You might think that after my scathing review of the 2009 Network+ Exam (N10-004) I would hold a dismal view of the title’s worth in today’s IT marketplace. Read on, friends…
While I believe the 2009 Edition of the Network+ exam could use a major overhaul pedagogically (this will constitute the subject of a future blog post), I nonetheless feel that, like it or lump it, the Network+ continues to hold value in the IT job market as a benchmark standard for entry-level IT networking professionals.
Why do I believe the Network+ maintains industry cred in 2009? Not so much because I believe that an individual who earns the Network+ necessarily has truly validated his or her skills as a networking technician, but because I maintain that the human resources managers/IT headhunters who arrange job interviews for these candidates place value in the CompTIA Network+ credential.
The need for a person/IT department to earn an information technology certification tends to fall into one of two classifications:
1. You are an IT manager who needs to fulfill some compliance requirement. Perhaps you need to perform warranty repairs on such-and-so OEM equipment; therefore, your techs must certify as such-and-so certified professionals.
Or, likewise, your shop plans to do IT security work for the Federal Government. In order to even submit a job bid with the Feds, you are looking at stuff like Department of Defense Directive 8570 compliancy, et al, which mandates IT security certifications.
2. You are a new entrant to the IT field, or perhaps a re-entrant who has been laid off from your previous position, and realize that the only way to get a leg up on your next job is to differentiate yourself with some industry certifications.
In my humble or not-so-humble opinion, so long as HR managers/hiring managers/IT headhunters recognize the CompTIA Network+ as a valid certification, it will be just for this length of time that the the Network+ remains viable in the IT job market.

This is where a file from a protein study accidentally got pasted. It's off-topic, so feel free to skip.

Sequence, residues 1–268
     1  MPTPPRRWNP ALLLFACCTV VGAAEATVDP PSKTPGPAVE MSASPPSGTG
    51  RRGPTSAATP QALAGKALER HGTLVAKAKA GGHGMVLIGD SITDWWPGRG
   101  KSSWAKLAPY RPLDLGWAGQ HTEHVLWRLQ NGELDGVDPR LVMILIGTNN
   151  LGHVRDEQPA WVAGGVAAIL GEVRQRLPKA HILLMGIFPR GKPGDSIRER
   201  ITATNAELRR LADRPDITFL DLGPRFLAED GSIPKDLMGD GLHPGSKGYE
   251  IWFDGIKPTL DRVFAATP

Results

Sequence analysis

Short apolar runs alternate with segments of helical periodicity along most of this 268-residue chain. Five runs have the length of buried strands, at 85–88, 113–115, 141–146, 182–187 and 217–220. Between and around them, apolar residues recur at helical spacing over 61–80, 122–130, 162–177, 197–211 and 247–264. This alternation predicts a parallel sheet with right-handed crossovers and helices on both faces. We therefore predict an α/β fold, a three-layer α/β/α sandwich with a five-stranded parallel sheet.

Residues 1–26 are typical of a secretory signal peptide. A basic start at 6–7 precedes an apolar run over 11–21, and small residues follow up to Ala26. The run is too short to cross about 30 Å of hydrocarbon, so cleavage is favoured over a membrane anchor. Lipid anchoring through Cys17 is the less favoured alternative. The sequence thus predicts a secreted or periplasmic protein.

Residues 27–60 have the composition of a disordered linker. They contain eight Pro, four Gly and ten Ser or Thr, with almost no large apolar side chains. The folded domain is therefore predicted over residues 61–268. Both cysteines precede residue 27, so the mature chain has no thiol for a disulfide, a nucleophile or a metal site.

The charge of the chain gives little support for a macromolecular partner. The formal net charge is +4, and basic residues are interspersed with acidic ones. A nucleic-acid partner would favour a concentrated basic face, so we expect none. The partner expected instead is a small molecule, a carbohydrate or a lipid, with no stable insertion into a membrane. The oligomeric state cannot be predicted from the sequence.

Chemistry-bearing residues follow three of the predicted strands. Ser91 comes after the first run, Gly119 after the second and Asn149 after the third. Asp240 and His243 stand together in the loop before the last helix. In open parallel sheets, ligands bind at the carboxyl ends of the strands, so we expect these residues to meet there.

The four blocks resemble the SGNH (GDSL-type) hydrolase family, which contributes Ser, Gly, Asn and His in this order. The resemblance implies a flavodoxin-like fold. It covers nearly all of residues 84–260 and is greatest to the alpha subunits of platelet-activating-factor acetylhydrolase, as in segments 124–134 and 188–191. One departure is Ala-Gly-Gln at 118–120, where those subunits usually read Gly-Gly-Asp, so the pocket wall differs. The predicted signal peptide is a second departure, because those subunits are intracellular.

Please feel free to tell me differently in the comments portion of this blog post, but I have not seen much buy-in thus far with Cisco’s head-to-head competition for the Network+, the Cisco Certified Entry Networking Technician (CCENT).
It appears that Cisco is deploying too many acronyms—too many titles—in an attempt to thicken their profit margin and widen their revenue streams. This flood of certification titles produces industry confusion rather than harmony, to my mind.
A natural outgrowth of too many certification acronyms is befuddled IT headhunters and HR managers, and hiring managers looking at candidates’ resumes thinking “Huh? What does CCENT mean, anyhow? This other person has a Network+. I think I will contact her for an interview.”
As previously stated, in future blog posts I would like very much to explain how I feel the Network+ test could be reworked to provide a more realistic evaluation of the test-taker’s skill set with regard to network troubleshooting and Ethernet theory.
Furthermore, I think that, if you have not done so already, you may want to take a look at two screencasts I recorded that explain the positioning of the CCENT title in a bit greater depth:
PS: Don’t forget to follow my Twitter feed! kthxbye
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